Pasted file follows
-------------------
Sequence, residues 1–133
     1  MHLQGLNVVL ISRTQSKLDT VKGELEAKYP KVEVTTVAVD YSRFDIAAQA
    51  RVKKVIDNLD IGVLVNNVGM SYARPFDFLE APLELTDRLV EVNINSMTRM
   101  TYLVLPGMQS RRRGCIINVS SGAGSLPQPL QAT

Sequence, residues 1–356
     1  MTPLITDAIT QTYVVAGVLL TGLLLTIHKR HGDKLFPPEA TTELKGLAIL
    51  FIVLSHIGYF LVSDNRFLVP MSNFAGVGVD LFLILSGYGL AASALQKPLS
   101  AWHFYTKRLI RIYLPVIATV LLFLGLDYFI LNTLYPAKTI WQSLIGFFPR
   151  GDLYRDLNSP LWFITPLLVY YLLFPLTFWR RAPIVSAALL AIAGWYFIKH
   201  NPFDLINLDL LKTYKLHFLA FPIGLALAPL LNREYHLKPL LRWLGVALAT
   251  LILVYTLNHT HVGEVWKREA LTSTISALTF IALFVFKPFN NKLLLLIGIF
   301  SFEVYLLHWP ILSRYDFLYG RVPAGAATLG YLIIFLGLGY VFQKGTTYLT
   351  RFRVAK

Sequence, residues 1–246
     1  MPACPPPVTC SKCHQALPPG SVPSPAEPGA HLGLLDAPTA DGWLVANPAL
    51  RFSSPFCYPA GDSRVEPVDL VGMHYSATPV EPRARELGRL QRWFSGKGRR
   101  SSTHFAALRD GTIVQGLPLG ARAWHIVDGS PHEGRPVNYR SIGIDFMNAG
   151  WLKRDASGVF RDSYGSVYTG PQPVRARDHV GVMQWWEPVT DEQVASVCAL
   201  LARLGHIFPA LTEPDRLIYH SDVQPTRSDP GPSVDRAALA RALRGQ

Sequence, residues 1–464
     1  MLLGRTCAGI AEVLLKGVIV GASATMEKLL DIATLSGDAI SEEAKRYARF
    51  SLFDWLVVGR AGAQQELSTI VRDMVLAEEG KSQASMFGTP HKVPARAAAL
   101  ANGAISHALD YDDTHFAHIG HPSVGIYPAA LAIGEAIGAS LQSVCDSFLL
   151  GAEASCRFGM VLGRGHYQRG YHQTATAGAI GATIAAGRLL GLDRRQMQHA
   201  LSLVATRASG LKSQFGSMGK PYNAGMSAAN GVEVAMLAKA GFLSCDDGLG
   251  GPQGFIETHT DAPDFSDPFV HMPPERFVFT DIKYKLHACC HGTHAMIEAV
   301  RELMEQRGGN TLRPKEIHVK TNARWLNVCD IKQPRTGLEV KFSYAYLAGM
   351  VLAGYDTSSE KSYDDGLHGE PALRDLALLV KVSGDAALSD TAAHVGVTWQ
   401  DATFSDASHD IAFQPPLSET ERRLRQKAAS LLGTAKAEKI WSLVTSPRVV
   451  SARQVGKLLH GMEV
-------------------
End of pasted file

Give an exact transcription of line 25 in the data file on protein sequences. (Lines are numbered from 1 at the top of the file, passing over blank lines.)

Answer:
   201  LSLVATRASG LKSQFGSMGK PYNAGMSAAN GVEVAMLAKA GFLSCDDGLG